As the WBC heavyweight champion sensationally offered his fellow Brit a lifeline earlier this week, Fury has now stated that he is well aware of the value of a fight with Anthony Joshua.
Fury (32-0-1, 23 KOs) had originally planned to take on Oleksandr Usyk for every title in the sport’s premier division, but the Ukrainian opted against fighting this side of Christmas, citing needing a break to recuperate after his win over the aforementioned ‘AJ’ last month.
Usyk claimed Fury’s old Ring Magazine title in a rematch against Joshua at the Jeddah Superdome in Saudi Arabia as he successfully retained the WBA Super, IBF, IBO and WBO world titles before calling out ‘The Gypsy King’.
Fury accepted and it seemed the fight was headed to the Middle East in December, but after Usyk made the decision to step away until 2023, Joshua was offered a shot at the WBC title by Fury on terms of 60-40.
He did a Q&A with The Ring Magazine in which he outlined the pull that the former two-time unified world champion still has despite three defeats in five.
“Listen, I’m not going to offer 75-25 as they’d do to me. If the shoe was on the other foot, they would say, ‘Well, we’ll give you 20 per cent.’ But because I want this fight to happen, I’m willing to give him 40 per cent.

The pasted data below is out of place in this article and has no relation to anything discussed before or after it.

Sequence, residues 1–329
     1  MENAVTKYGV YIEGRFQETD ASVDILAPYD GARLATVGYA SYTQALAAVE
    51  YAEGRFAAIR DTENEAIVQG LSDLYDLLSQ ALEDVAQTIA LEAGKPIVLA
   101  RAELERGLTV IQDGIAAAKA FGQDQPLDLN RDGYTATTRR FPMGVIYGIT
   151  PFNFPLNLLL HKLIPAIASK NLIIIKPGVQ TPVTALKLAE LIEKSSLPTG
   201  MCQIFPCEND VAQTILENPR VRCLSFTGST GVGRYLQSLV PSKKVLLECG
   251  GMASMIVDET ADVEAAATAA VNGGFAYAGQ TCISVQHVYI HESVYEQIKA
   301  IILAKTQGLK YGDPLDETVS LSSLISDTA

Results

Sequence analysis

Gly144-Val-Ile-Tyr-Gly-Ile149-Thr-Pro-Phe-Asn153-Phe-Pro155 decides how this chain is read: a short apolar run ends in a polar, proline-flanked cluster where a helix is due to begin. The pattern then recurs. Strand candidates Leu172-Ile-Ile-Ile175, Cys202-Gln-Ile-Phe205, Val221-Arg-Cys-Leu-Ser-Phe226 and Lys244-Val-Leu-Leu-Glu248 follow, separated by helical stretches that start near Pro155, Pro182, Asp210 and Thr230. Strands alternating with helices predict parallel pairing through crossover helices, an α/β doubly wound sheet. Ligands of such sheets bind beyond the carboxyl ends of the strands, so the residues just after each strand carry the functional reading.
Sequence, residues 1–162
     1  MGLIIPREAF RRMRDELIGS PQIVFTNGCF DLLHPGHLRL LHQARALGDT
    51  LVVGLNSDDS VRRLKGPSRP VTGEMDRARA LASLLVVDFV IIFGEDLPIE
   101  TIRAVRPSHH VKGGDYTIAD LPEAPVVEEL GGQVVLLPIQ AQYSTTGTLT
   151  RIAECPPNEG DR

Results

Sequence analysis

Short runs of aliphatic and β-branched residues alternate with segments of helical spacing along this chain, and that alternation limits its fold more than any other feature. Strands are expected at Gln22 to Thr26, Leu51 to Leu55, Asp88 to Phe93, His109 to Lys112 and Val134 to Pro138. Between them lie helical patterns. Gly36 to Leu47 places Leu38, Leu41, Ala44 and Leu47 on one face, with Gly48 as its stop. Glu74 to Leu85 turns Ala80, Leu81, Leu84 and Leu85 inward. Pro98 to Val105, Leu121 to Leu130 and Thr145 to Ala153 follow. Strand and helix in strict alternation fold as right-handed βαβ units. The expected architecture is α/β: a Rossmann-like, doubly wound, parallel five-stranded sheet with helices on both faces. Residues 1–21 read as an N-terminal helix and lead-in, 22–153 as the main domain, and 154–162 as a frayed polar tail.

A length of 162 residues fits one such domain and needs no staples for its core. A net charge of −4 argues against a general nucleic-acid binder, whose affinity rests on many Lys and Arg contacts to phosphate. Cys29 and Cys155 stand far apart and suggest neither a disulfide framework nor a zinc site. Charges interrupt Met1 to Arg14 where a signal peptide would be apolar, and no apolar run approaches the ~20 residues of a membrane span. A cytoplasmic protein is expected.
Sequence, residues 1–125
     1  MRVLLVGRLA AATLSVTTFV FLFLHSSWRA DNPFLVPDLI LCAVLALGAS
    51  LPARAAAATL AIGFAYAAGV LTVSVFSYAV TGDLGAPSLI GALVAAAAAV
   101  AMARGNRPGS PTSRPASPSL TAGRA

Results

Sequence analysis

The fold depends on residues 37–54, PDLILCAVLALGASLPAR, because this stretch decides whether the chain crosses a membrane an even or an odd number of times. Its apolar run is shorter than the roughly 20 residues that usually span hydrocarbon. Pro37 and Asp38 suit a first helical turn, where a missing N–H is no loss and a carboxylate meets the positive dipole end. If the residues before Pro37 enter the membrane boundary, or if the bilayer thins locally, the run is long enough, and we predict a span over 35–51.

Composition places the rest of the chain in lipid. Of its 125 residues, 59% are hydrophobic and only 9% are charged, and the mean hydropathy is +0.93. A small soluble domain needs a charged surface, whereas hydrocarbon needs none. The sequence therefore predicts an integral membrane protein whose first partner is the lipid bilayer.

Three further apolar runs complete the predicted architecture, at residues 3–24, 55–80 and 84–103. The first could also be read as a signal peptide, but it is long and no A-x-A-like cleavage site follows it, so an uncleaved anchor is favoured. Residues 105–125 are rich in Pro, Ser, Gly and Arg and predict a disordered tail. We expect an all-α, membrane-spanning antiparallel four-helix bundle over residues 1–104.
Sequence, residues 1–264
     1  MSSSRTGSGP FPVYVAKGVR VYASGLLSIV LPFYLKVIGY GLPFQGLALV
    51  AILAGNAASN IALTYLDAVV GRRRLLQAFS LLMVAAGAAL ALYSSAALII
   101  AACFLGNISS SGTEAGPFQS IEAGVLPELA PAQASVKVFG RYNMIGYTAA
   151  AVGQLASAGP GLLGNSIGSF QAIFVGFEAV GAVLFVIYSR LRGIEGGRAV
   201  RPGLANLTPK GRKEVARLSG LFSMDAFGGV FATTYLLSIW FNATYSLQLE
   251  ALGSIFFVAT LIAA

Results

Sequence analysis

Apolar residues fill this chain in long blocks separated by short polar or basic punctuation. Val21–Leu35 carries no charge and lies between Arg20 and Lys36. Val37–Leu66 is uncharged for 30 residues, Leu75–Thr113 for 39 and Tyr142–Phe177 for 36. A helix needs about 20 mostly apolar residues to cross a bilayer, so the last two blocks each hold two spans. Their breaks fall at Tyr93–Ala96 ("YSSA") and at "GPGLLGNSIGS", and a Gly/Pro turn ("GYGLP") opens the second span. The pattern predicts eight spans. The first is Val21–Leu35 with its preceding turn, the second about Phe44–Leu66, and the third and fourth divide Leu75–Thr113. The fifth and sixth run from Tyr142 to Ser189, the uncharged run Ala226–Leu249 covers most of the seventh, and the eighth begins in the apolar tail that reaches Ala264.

And if I took this fight to the WBC, they’d probably say 70-30 in my favour.”
Joshua accepted the fight on social media after the call-out from Fury, before Eddie Hearn – who has promoted Joshua since he turned professional back in October 2013 following Olympic success a year earlier at London 2012 – seemingly accepted the purse split terms, but noted the proposed date as a sticking point.
December 17 was rumoured as a possible date, which is when Joshua will supposedly be ready, but the offer, which contained a rematch clause, was for the first fight to take place on November 12 at the Principality Stadium in Cardiff.
Despite complications in negotiation, Fury knows that the clash with the 32-year-old, which had originally been signed last year, is one that could go down in the history books as one of the biggest fights in the sport, regardless of the titles at stake.
“He doesn’t have anything and he’s coming off two losses, but I see the value in Joshua.
“Even though he’s lost to Usyk, I still think me and ‘AJ’ in England is bigger than me and Usyk.
“It’s 60-40 – there’s the deal. Do it or don’t do it.”